Why are the deer not eating my turnips?

hook

6 pointer
Oct 7, 2011
143
South Central, Ky
We have a 1/2 acre food plot that is a mix of oats and turnips but the deer are not touching my turnips at all. It is an Evolved Habitat seed plot and they are eating the oats but not the turnips. Granted it's not in a high deer density area but the plot is so lush that it looks like something off of TV. I kept thinking they would start after a couple of good frost but that hasn't happened yet. Is there a type of turnip that the deer don't like? When I planted the plot I also added some purple top turnip seed mixed in just to add a variety. This plot hasn't been hunted at all because we were saving until now to try and shoot a couple of does with our bows plus we had to worry about the tresspassing neighbor shooting us during gun season. So we stayed out. This is on a very small parcel of land and the land around us has only small wood lots and a good grown up creek bottom. We usually are able to see several does each year and take a few in the small set of woods we have to hunt. This is the first year we planted the food plot and I really expected to draw in every deer in the area with the turnips, but they just aren't eating them. Anybody have any theories as to what is wrong with my plot? Here is a couple of pics of the plot, and yes I know my blind is in the wide open but it has been out all season for them to get used to it.
trailcam pics 001.jpg trailcam pics 008.JPG
 

KY River Rat

6 pointer
Jan 3, 2008
288
It takes about a year for them to figure out that they like them. Just wait till it gets real cold up in Jan. or Feb. they will be digging them out of the ground.
 

hook

6 pointer
Oct 7, 2011
143
South Central, Ky
I don't see what the difference in yours and mine are huntr467 except you are in a lot higher deer density area. Our deer here are still eating acorns I guess and with fewer deer it takes them longer to get them eat up. I'd like to transport a few of your deer to Adair County also, I think it's a good problem to have too many does because I love to hunt them and I wish I had a target rich enviroment with the ole bow.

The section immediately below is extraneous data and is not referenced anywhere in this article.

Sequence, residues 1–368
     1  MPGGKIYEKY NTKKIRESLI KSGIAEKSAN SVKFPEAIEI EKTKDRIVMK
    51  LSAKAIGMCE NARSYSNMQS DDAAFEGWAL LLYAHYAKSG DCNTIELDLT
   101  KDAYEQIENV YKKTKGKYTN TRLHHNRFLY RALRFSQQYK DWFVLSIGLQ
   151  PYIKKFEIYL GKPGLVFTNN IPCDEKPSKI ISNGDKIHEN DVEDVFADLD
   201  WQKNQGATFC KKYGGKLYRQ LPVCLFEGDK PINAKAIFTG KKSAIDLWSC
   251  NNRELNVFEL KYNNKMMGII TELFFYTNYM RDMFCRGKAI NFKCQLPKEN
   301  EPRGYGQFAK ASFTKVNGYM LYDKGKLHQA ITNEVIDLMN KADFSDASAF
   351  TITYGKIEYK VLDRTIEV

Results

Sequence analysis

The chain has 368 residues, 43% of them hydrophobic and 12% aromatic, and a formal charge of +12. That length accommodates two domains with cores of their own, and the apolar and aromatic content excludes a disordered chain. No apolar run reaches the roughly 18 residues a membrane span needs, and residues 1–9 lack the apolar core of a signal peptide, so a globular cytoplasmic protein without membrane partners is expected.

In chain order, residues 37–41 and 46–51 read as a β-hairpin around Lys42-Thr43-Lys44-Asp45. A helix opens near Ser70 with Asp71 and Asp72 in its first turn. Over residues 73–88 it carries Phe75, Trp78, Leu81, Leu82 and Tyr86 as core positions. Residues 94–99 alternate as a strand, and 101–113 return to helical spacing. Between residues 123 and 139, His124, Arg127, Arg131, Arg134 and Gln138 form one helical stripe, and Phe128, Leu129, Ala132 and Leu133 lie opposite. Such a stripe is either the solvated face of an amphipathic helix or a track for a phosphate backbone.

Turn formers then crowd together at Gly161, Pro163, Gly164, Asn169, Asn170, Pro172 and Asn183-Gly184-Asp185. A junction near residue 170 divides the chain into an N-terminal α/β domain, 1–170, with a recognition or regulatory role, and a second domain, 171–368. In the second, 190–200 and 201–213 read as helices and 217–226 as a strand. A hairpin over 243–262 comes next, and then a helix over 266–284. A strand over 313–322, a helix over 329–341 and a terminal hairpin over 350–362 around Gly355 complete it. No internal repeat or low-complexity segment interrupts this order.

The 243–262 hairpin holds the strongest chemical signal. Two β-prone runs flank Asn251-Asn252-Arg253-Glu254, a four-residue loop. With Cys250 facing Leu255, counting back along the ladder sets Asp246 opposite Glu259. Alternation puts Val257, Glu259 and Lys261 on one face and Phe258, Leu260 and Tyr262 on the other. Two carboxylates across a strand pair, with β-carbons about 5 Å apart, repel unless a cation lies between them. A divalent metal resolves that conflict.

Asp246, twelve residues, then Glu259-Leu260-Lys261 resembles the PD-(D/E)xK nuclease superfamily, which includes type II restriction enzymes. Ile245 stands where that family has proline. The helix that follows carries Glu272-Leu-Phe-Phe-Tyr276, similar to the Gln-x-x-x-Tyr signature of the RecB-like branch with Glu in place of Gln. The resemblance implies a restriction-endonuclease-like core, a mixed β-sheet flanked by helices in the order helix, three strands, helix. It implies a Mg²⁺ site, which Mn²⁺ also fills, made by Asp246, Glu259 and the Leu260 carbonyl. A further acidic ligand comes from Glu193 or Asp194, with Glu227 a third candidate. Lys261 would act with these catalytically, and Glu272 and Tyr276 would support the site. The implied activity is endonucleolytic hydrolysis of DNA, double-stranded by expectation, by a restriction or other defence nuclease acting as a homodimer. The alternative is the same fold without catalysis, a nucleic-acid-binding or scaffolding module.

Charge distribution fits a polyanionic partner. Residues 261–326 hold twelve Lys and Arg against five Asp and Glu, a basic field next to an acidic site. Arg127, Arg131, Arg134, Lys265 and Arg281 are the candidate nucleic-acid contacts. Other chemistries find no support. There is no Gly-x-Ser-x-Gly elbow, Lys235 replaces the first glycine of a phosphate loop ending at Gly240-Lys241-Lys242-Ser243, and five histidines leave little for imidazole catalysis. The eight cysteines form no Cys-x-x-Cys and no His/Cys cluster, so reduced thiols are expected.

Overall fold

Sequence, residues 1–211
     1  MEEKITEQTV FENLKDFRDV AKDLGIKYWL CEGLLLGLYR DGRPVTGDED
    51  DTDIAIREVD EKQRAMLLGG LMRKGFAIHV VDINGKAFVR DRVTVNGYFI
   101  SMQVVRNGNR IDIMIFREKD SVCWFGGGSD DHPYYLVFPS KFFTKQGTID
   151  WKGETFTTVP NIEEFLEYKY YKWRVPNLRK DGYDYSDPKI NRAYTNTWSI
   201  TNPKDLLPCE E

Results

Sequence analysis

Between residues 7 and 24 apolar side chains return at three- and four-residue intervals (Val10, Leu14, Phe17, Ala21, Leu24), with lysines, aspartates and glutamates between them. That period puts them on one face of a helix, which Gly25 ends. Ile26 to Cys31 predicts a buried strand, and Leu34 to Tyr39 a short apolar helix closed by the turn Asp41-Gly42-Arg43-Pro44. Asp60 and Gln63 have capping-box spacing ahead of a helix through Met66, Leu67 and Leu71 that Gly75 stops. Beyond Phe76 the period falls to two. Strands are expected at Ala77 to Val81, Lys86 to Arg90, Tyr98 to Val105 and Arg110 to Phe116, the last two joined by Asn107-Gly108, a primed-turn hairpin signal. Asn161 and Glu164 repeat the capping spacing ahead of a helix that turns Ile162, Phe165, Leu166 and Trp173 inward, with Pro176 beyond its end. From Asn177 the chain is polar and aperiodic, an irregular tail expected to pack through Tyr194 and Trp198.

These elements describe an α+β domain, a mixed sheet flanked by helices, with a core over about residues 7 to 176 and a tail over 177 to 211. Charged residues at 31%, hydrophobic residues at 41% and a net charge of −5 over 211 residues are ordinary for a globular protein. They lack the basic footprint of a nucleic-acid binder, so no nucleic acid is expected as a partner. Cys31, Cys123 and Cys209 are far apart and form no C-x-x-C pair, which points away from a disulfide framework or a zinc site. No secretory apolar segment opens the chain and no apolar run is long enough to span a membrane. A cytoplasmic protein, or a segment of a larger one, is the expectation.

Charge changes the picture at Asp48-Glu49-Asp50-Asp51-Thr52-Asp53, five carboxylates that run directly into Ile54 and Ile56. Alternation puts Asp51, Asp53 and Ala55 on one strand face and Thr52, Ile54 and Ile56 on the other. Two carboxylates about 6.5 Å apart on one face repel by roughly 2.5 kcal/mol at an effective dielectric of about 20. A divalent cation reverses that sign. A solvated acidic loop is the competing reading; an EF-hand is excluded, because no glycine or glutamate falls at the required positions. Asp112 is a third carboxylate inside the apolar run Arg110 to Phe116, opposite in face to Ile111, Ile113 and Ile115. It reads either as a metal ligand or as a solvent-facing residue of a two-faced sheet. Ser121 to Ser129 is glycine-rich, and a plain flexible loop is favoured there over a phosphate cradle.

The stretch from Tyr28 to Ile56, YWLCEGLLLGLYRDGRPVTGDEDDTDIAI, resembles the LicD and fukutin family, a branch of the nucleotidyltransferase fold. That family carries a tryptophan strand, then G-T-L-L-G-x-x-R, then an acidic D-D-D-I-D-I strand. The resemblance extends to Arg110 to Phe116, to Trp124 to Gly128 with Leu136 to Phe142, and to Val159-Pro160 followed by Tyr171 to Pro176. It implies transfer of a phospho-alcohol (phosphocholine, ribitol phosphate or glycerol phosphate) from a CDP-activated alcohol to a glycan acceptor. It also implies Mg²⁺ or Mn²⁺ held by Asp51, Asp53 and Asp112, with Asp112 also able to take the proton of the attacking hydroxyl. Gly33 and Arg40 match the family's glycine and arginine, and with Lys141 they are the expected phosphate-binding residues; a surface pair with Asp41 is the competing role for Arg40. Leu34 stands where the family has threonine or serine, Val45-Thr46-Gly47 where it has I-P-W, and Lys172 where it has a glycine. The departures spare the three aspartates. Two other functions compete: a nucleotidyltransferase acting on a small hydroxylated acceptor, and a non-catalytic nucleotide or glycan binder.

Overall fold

Strutter

Cyber-Hunter
Dec 9, 2001
3,350
USA.
Turnips need a few real heavy frosts on them to make the tops sweeter. When I had them out the deer wouldn't touch them til January and then they ate them to the ground. They are bitter tasting until it gets real cold and stays that way awhile. Not sure how it works but it has to be real cold to bring the sugar up and get rid of the bitterness or something to that effect. Anyway, wait til January and see what happens.

Rob
 

KY Swamp Beagler

12 pointer
Feb 20, 2011
3,825
the swamps of western KY
I am no food plot expert. I was watching one of Dr. Grant Wood's segments on Growing Deer Tv on youtube awhile back. As someone already stated it takes a few years for deer to get used to a food plot planted in something they don't regularly have access to. Case in point, Dr. Woods has a 1500 acre farm called the Proving Ground in the Missouri Ozarks. He has a few milo food plots that he said it took the deer some time to discover they liked. He said milo is totally new food for his deer as there was no milo planted for counties around his farm.
 

captain71

10 pointer
Nov 3, 2011
1,571
Western Ky
I seen the same post in archery talk about deer not eating their turnips either. I sure like to have some love them things with a little salt Hust saying.
 

huntr467

12 pointer
Feb 2, 2004
2,972
Marion Ky. Crittenden county
Everyone always says that it takes a hard frost, the deer on our place don't seem to mind them before the frosts. They will start hitting them in mid Oct. and by the first week of gun season they look like you mowed the tops off. For the last several weeks I have been hunting the plots and taking some does off them. It is funny to watch them eat them, they pull one up by the root and eat the entire plant. This was a bumper crop this year, some of them are almost the size of cantaloupes. We had some smaller/new plots that didn't produce as big of plants or turnips, they were the size of golf balls, but you can't hardly tell there were any at all, they cleaned them up already. We started planting them in 2007 and they ate them from the first time. Guess we are just lucky. And if you want to come and get some of these turnip eating does, come on, I wish we could get rid of some.
 

stevemeadows

8 pointer
Oct 7, 2003
626
Ky, USA.
Late... Season... let us know what your plot looks like the last week of season when your sitting in your blind with the bow! If that doesn't work wait until Feb or Mar and walk your plot looking for sheds.
 

DRS

Banned
Mar 3, 2010
3,028
Kentucky
The Deer, on my property, seem to be drawn to wild honeysuckle, acorns, and a few grasses. I place fertilizer, on the Honeysuckle late winter, to encourage growth. Got a spot where I might try planting something else to see what happens.
 

BuckBuster

8 pointer
Dec 10, 2001
718
Hardin Co., Ky.
The deer have been devouring my turnip patch. Had a buck come into the patch in October & was eating them like he couldn't get enough of them. Leaves are nipped off & turnips are laying on top of the ground. Of course I poured the fertilize & lime to it (per the soil test)also which probably helped as comparing to the plots that we didn't use as much, the deer are not using.
 

deerpox

6 pointer
Dec 1, 2011
242
Western Ky
maybe they just prefer the oats. until that is gone they dont have a reason to eat the turnips. maybe turnips are more of a last resort thing.
 


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